Ace chrono rider times solo attack to perfection
While Taylor Phinney (BMC) is no stranger to the top step of the podium with victories in both the individual and team time trial disciplines, today's dramatic solo victory in stage 4 at the Tour of Poland was the first time the 23-year-old American had won a road race as a professional.
Phinney's finishing kick had gotten him close to victory before, such as third place results in this year's Giro della Toscana and stage 6 at the Tour of Oman in field sprint finales, but on the streets of Katowice, Poland it was his renowned time trialing prowess which propelled the BMC rider to the stage win.
A multi-time individual pursuit world champion on the track and a silver medalist behind Tony Martin at the 2012 time trial world championships, Phinney launched off the front of the peloton with 7km to go, built up a lead of 15 seconds, and held off the hard-charging peloton by the slimmest of margins.
For Phinney, it was a dream come true.
"This is how I always dreamed of winning – foiling the sprinter's plans at the end of the race," said Phinney. "It was sort of a Fabian Cancellara-style, Milan-Sanremo victory scenario. It's really amazing to have it happen and it was a great feeling to finally put my hands up."
"I told Taylor he could try an attack, but it was amazing what he did," said BMC's assistant director Fabio Baldato. "It was like a prologue – and I was screaming that to him on the radio. I told him to go full gas and don't look...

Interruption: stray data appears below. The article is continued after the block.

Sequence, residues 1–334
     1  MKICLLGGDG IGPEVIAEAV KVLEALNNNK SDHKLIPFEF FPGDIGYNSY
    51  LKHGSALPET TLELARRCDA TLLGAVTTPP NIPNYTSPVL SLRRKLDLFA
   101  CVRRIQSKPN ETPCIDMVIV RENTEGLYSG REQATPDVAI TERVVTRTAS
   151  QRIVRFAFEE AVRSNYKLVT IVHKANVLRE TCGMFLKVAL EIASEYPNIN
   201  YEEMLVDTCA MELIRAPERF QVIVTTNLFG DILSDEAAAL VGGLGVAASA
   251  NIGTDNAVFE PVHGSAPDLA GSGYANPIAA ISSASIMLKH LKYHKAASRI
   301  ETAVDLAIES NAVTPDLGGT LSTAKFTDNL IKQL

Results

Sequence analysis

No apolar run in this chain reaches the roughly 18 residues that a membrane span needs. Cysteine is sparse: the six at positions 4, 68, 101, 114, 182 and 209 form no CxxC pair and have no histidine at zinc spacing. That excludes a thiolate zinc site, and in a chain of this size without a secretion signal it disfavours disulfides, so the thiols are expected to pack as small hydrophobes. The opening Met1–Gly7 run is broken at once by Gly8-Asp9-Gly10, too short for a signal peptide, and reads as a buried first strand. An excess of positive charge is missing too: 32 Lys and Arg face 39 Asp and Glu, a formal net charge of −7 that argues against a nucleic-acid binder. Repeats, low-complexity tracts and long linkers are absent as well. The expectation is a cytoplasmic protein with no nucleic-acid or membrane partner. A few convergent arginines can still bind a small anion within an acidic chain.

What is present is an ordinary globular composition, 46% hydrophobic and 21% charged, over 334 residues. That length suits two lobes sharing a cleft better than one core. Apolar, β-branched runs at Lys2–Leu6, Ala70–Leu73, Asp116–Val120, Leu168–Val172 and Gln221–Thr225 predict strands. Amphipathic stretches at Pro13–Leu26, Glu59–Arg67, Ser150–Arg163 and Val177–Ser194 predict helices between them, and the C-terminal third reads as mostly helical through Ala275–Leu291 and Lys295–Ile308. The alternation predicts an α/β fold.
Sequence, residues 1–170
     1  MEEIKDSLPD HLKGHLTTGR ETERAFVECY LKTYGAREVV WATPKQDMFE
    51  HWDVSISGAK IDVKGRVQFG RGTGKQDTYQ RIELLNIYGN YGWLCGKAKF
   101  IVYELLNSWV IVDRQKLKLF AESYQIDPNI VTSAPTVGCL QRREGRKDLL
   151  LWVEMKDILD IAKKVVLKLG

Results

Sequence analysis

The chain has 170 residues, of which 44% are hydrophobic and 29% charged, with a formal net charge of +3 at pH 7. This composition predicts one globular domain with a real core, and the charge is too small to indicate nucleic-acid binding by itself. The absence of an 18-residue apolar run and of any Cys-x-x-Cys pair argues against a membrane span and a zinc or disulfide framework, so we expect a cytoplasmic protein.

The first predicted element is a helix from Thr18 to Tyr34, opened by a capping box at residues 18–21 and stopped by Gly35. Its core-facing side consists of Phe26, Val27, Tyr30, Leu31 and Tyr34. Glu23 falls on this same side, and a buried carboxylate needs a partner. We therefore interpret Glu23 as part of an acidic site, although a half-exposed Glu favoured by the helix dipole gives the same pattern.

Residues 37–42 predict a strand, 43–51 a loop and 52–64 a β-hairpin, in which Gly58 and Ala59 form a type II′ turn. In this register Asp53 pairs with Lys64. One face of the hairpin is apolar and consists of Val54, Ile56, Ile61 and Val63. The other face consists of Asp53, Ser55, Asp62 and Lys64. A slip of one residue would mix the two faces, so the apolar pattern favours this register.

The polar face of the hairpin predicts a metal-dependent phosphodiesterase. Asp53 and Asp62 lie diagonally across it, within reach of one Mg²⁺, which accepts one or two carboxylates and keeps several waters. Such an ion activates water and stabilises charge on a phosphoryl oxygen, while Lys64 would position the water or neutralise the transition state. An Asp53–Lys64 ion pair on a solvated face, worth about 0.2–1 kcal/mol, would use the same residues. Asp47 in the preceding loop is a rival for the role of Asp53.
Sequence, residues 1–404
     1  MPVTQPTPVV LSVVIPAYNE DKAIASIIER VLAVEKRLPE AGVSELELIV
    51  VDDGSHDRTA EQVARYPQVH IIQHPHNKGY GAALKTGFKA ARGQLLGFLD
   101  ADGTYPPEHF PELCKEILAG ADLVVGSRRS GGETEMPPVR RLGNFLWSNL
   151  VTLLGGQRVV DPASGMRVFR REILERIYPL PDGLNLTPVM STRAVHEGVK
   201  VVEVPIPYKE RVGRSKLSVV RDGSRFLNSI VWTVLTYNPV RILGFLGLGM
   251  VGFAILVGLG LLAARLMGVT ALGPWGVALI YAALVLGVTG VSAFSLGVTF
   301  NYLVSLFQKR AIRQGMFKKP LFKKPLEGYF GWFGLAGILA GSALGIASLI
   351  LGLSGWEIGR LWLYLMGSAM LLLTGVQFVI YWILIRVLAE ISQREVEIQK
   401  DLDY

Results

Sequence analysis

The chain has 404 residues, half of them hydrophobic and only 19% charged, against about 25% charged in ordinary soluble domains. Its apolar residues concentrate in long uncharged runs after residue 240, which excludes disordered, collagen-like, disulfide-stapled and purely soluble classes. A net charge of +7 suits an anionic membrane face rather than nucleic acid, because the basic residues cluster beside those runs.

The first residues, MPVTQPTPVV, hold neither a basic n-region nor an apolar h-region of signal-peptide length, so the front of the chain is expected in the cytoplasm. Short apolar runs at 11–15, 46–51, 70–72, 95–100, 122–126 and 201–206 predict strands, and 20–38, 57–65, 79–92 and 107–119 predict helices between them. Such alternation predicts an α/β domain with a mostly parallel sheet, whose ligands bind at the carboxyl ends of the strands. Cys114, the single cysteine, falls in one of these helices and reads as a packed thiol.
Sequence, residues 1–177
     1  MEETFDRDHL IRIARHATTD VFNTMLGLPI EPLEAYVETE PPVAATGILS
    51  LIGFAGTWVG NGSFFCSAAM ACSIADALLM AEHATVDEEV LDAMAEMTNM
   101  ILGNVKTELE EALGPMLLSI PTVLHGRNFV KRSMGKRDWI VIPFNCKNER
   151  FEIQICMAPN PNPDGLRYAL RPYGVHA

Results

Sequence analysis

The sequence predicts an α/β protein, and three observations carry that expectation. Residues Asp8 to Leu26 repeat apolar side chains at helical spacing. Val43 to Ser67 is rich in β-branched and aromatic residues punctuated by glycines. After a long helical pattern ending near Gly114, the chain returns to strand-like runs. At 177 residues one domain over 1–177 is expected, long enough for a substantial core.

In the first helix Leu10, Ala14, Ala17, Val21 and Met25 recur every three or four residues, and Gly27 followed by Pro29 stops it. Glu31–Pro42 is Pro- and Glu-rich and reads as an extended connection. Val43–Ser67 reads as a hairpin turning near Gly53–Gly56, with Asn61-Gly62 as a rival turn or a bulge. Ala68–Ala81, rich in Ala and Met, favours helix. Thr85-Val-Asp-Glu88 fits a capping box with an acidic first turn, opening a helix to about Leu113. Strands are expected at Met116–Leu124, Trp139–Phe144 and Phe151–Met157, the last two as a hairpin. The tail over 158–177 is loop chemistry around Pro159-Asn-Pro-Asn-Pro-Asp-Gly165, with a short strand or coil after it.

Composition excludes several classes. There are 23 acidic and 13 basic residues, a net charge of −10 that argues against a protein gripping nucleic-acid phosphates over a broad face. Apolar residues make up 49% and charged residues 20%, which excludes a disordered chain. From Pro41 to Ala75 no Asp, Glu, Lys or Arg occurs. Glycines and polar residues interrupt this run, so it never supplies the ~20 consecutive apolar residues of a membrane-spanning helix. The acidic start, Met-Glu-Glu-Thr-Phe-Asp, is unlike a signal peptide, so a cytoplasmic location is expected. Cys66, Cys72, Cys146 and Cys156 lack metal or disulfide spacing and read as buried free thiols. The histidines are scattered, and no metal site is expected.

UCI president claims to be part of "new guard"
UCI President Pat McQuaid believes he is the man who has "completely changed the culture of doping" in cycling ever since he came into power in 2006.
Speaking on Irish radio this morning, McQuaid insisted he is part of the "new guard" in the sport and has done more than most others to fight the scourge of doping which reached its nadir in October last year when Lance Armstrong was exposed as a drug cheat and subsequently stripped of his seven Tour de France titles.
"I'm the beginning of the new guard because I'm the one who has completely changed the culture of doping in our sport since I came in eight years ago," said McQuaid.
"Eight years ago, the sport was riddled (with drugs). We had Armstrong, who had just retired, and I was aware there was a culture of doping and I stated I was going to attack it over those years. I've done many things to attack it over those years. And changing the culture isn't something you do overnight. I brought in the Biological Passport system, I brought in the corticosteroid rule, I brought in a no-needles policy, I brought in a rule where riders who were caught doping could not come back to the sport as part of an entourage and a whole raft of measures to combat doping in the sport," he continued.
McQuaid has come under sustained attack this week after it emerged a proposal from the Malaysian cycling federation could aid his quest for a third term in office (to be announced at September's UCI presidential election in Florence).
The proposal, if adopted, would enable any two cycling federations to come together to nominate a candidate for the presidency, and it emerged on Monday that the Thai and Moroccan federations had given their backing to McQuaid.
The Irishman's only opponent for...
Gippsland leader switches focus in 2013